What I am most excited about in my current work is that yesterday morning I had another 1:1 meeting at Bryce’s school, again in front of the staff, this time with advisor Brandy Fitzwater. Brandy had already developed a solid draft of her Learning Plan, following the Vision/Goals/Projects format identical to Bryce’s. In this meeting we went through and refined the vision section, worked to make the goals more specific, measurable, and actionable, and we added numerous projects and renamed many of them to describe their state of completion. For example, "Create a strong advisory culture" was one of her goals. This seemed too amorphous and ill-defined, and in our work together it turned into several projects: 

  • Strong advisory culture defined

  • Current advisory culture assessed

  • Advisory improvements planned


Each staff member had developed a learning plan prior to this meeting, and they made refinements to their own plans as Brandy and I revised hers. I won’t share her plan here, but, like Bryce’s, it includes a mix of the personal and the professional. As the meeting started, we agreed as a whole staff that a good and functioning (staff) learning plan ought to accomplish at least three things: it should contribute to making the school great, it should "improve your life,” as one advisor put it, and it should strengthen your professional practice. One intent in clarifying this was to identify the parallels with student learning plans, which have at least two of those functions — improving your life and helping you become more skillful and knowledgeable — and arguably all three, if you believe that high-functioning learning plans for all students would translate to a great school. A second intent was to hold up the learning plan as representative of why we are here and what we want. I think for learning plans to function most effectively in the culture of the school, they need to be comprehensive and inclusive, not one compass among several. If I’m a person working at a school, it seems reasonable that my and my supervisor’s hopes ought to be covered within those three things. I want to thrive as a person, I want to get better at what I want to get better at in my work, and I want my work to contribute to the success or effectiveness of the workplace as a whole.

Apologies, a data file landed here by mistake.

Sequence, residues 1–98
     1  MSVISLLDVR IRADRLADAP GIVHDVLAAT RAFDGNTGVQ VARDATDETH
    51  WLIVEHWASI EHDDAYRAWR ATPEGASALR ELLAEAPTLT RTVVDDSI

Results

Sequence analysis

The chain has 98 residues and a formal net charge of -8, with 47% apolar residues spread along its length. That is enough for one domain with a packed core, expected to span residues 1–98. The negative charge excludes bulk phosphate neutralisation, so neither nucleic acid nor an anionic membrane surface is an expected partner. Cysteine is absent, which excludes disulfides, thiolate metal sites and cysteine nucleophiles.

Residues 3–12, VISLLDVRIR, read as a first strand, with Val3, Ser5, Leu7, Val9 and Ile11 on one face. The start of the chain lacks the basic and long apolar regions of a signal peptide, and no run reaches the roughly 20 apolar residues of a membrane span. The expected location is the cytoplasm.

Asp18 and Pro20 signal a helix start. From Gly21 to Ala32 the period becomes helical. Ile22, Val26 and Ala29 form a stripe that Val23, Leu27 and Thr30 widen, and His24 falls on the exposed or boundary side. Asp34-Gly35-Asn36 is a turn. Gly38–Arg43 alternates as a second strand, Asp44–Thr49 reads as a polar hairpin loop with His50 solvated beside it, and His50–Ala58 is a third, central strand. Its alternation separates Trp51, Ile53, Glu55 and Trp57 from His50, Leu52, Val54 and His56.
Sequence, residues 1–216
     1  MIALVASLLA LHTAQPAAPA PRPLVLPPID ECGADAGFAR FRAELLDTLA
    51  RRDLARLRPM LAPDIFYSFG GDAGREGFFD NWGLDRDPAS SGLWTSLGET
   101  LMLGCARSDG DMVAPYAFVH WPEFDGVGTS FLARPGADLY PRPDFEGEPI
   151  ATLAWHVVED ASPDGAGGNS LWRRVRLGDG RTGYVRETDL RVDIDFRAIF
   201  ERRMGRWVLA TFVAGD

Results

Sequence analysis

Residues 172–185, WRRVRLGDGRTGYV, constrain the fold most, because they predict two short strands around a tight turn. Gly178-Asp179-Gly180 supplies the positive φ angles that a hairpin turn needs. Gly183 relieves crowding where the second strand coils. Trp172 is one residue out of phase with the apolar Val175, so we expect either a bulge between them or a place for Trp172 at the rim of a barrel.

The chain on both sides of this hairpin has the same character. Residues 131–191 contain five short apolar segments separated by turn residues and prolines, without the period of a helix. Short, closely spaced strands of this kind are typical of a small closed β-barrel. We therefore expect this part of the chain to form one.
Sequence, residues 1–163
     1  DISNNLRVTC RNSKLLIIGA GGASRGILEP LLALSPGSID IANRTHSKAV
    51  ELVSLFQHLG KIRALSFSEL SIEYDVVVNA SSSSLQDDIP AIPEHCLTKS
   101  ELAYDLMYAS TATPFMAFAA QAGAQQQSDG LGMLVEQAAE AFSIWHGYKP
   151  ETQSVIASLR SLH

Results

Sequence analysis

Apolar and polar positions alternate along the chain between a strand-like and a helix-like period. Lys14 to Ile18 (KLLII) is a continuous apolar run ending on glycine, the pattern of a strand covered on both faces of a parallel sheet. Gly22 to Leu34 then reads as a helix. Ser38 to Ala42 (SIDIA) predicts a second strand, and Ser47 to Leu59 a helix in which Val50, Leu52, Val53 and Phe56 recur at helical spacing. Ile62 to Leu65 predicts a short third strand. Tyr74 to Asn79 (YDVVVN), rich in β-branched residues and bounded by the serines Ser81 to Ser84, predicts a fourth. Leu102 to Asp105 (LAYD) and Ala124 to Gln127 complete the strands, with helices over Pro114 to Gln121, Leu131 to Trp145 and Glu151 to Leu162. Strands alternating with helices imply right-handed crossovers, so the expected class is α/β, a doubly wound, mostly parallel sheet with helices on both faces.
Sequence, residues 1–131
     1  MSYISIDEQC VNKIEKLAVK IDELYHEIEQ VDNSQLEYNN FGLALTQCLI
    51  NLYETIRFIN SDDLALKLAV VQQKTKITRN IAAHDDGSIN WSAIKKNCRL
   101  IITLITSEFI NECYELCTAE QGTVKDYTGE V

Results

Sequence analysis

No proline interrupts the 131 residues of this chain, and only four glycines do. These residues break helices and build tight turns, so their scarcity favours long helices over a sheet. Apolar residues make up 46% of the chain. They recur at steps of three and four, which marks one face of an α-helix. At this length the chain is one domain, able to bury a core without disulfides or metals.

We also agreed in this meeting that these staff learning plans, in the same format as student learning plans, will be the primary focus of coaching and evaluative meetings between administrators and teachers. The principal and vice principal now have shared access to each teacher’s learning plan, and they are determining which of them has which teachers as “advisees.” During the work with Brandy’s plan, we invited Carleen and Jason (principal and VP) to suggest additional goals for Brandy to add to her plan. 

One of the last things we discussed yesterday was scheduling actual evaluative teacher exhibitions, driven by the learning plans and assessed by panels of fellow staff, administrators, and students, in the weeks leading up to the next student exhibitions in January. 

This is as close as I have come to a level of school coherence I’ve been envisioning since that initial learning plan change. I look forward to sharing how it unfolds over this school year. 


Jeff